“This data reveals how vulnerable LGBT asylum seekers are when trying to claim safety and freedom here in the UK. Now we know why the Government have dragged their feet on releasing this data.

“Many of those people denied by the British Government are returning to places where they face harassment, imprisonment and even death just because of who they are.

“The Liberal Democrats will challenge the Government over these figures.

“It is proof that the UK is failing to offer a safe place of sanctuary for those fleeing violence and danger only for loving a person of the same sex.”

Paul Dillane, executive director of Kaleidoscope Trust, told PinkNews: “Around the world, LGBT people face discrimination and violence on a daily basis on account of their sexuality or gender identity. As a result, many people are forced to flee in search of protection in other countries.

“Despite well-documented instances of discrimination, disbelief and detention experienced by LGBT asylum seekers, it has been impossible to answer the simple question: how many LGBT people seek asylum in the UK?”

He added: “After years of intensive lobbying, the UK Home Office have finally published statistics.

“This is a welcome step forward but they raise a series of concerns: the statistics do not provide any information as to why a person seeking asylum on account of their sexuality was refused, trans people are excluded entirely and we do not know how many people were detained upon seeking asylum. Given the terrible abuses experienced by LGBT people in immigration detention, this is an issue which requires urgent attention.

“54% of Ugandans and 39% of Pakistanis were granted asylum on appeal indicating many lesbian, gay and bisexual asylum seekers were only granted refugee protection after being initially refused and taking their case to court: an expensive, timely and stressful process.

“Asylum claims by LGBT people are often matters of life or death. We urge the UK Home Office to take proactive steps to improve standards, training and the quality of decision-making to ensure LGBT people fleeing persecution are genuinely respected and protected.”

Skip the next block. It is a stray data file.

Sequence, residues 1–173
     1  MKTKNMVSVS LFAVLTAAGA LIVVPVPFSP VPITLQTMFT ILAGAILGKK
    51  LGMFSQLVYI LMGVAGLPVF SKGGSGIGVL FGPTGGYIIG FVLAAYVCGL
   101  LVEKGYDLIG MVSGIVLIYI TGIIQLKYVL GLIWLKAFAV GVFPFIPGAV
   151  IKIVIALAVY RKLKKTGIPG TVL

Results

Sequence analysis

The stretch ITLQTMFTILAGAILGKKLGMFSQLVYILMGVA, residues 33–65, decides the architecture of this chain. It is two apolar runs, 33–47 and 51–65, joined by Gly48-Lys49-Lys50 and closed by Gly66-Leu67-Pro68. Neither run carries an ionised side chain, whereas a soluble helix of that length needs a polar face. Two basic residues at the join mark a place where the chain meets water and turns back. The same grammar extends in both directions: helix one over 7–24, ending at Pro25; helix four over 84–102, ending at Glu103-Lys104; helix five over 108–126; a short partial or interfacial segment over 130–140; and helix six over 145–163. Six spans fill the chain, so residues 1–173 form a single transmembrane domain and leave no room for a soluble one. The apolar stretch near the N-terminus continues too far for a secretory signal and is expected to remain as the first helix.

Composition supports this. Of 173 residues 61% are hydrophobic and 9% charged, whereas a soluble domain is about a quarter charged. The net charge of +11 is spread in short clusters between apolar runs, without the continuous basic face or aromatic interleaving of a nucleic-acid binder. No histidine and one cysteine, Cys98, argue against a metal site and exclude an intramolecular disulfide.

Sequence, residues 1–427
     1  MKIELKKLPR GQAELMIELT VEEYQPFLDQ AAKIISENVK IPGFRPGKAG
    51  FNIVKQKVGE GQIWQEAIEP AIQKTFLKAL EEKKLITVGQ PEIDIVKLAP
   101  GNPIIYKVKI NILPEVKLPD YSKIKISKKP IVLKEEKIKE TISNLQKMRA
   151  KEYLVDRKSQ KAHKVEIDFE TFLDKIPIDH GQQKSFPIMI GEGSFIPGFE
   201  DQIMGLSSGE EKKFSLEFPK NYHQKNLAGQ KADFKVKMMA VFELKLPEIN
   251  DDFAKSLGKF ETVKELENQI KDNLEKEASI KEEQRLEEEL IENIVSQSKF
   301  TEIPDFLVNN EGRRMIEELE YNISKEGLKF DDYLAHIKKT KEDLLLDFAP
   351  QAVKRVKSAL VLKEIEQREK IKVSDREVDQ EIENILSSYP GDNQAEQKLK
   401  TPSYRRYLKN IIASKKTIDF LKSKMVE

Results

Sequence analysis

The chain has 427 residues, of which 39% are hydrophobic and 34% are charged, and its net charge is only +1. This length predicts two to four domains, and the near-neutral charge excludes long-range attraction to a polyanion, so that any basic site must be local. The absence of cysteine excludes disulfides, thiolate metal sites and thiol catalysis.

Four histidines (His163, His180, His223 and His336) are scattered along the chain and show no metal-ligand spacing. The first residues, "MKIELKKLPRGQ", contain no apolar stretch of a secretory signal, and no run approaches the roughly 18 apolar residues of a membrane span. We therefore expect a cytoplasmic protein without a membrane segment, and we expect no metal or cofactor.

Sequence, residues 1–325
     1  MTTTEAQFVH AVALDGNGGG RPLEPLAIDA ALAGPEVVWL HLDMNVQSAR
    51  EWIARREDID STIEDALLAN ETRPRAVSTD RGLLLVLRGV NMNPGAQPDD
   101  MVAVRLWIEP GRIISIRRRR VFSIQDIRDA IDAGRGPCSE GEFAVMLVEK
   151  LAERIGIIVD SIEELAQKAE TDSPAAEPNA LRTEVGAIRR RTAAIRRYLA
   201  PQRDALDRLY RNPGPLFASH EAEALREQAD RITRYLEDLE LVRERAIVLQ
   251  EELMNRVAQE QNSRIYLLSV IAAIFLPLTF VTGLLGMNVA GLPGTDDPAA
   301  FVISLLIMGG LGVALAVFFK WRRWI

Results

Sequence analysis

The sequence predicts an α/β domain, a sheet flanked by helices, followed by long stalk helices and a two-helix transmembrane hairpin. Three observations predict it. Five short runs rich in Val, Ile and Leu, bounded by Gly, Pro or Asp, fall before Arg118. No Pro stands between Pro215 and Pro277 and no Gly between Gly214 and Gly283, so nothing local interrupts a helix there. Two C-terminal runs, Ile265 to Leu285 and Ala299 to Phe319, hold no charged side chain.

A Stonewall spokesperson said: “Lesbian, gay, bi and trans people face violence and persecution in many countries around the world, and many flee in fear of their lives.

“It’s vital those seeking asylum in the UK are treated fairly and with respect.

“These new figures show that many applications for asylum from countries where LGBT face violence were rejected. This is deeply troubling; what we don’t know from the report is why they were rejected.”

Stonewall added: “We’re calling on the Government to do more to ensure that asylum claims from LGBT people are treated fairly and with respect.

“This means an end to rules that allow LGBT people to be sent back if it is perceived they can escape violence by keeping their sexuality or gender identity secret.

“It means better and more training for officers to deal with claims sensitively, and it also means an end to the detention of LGBT asylum seekers. It’s devastating that so many people experience shocking abuse and violence in a country where they hoped to escape it.”

But Immigration Minister Brandon Lewis insisted: “This Government is committed to an asylum system which is supportive and responsive to those claiming asylum on the basis of their sexual orientation.

“All asylum claims lodged in the UK, including those on the grounds of sexuality, are carefully considered in accordance with our international obligations. Decision-makers are given dedicated training and guidance on how to handle such claims.

“No one who is found to be at risk of persecution or serious harm in their country of origin because of their sexuality will be returned.”

A court ruling earlier this year suggested that under Mrs May’s leadership, the Home Office may have illegally deported gay asylums seekers.

Speaking at the PinkNews Awards last year, the Prime Minister said: “Britain has come far in fifty years, but we know there is still a long way to go.

“Homophobia, biphobia and transphobia have still not been defeated, and they must be.”

She added: “When we look around the world, we see countries where the human rights of LGBT people are denied and terrible suffering is the result.

“On the world stage, we are standing up for LGBT rights, and challenging at the highest level those governments which allow or inflict discrimination or abuse.

“The anti-LGBT laws which remain in some Commonwealth countries are a legacy of Britain’s colonial past, so the UK Government has a special responsibility to help change hearts and minds and we will ensure that these important issues are discussed at the Commonwealth Heads of Government meeting, which we will be hosting here in London next April and also during our two years as Commonwealth Chair in Office.”

She added: “So, let me be absolutely clear. We have come a long way – but there is much still to do.

“The Government has a plan to deliver, and I am committed to ensuring that we work that through.

“Because LGBT history is all our history, LGBT success is everyone’s success, and LGBT rights are human rights.”